Here you can see a few pictures of some of the old shaving brushes I have acquired in my travels. On the front row are some Culmak brushes that are very common in the UK, in the centre of which is a small Bakelite brush. On the left of the back row are three of the prized “butterscotch” handled brushes, these were made from a thermosetting polymer called Catalin which oxidises over time to this colour. The big one on the left is very faintly branded “Boots” so is probably a rebranded Rooney, the next one looks like it could be a Culmak or maybe a Simpson’s shape, the next two I don’t know anything about. On the right are probably two Kent BK2s.
Now I am sure that there are some people who collect these, just as there are people who collect postage stamps, but their real value is in being brought back into use, many keen traditional shavers see brush restoration as being a key part of their hobby. The first step is to remove the bundle of hairs (the knot) which is usually held in with epoxy or a vintage equivalent strong glue. This requires great care and the weapon of choice is usually a Dremel. The handle can then be polished, repainted or revarnished as appropriate and a new knot cemented in.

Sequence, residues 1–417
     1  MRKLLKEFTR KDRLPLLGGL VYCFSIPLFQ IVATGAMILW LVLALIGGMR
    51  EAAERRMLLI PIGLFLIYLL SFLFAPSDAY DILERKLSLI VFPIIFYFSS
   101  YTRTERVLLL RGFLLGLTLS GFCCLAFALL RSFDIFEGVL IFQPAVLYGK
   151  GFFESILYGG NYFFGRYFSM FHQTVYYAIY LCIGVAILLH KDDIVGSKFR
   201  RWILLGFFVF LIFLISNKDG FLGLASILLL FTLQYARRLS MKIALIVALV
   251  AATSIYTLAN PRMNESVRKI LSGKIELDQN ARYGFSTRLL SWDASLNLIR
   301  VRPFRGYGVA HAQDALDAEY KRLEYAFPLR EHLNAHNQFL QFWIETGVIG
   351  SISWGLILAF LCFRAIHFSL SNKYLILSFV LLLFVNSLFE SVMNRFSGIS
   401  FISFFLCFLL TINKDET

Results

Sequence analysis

One of the great things about brush restoration is the huge choice of knots that are available from companies like The Golden Knib. Not only that, you can choose how deep to put the knot in the handle, which has a huge effect on the backbone of the brush. So the restored brush is very customised to be exactly what the user wants.
If you are too lazy or impractical to do this for yourself there are some brush manufacturers and some brush restorers who will do it for you. Whichever route you follow you can end up with a very nice shaving brush indeed for a very economic price.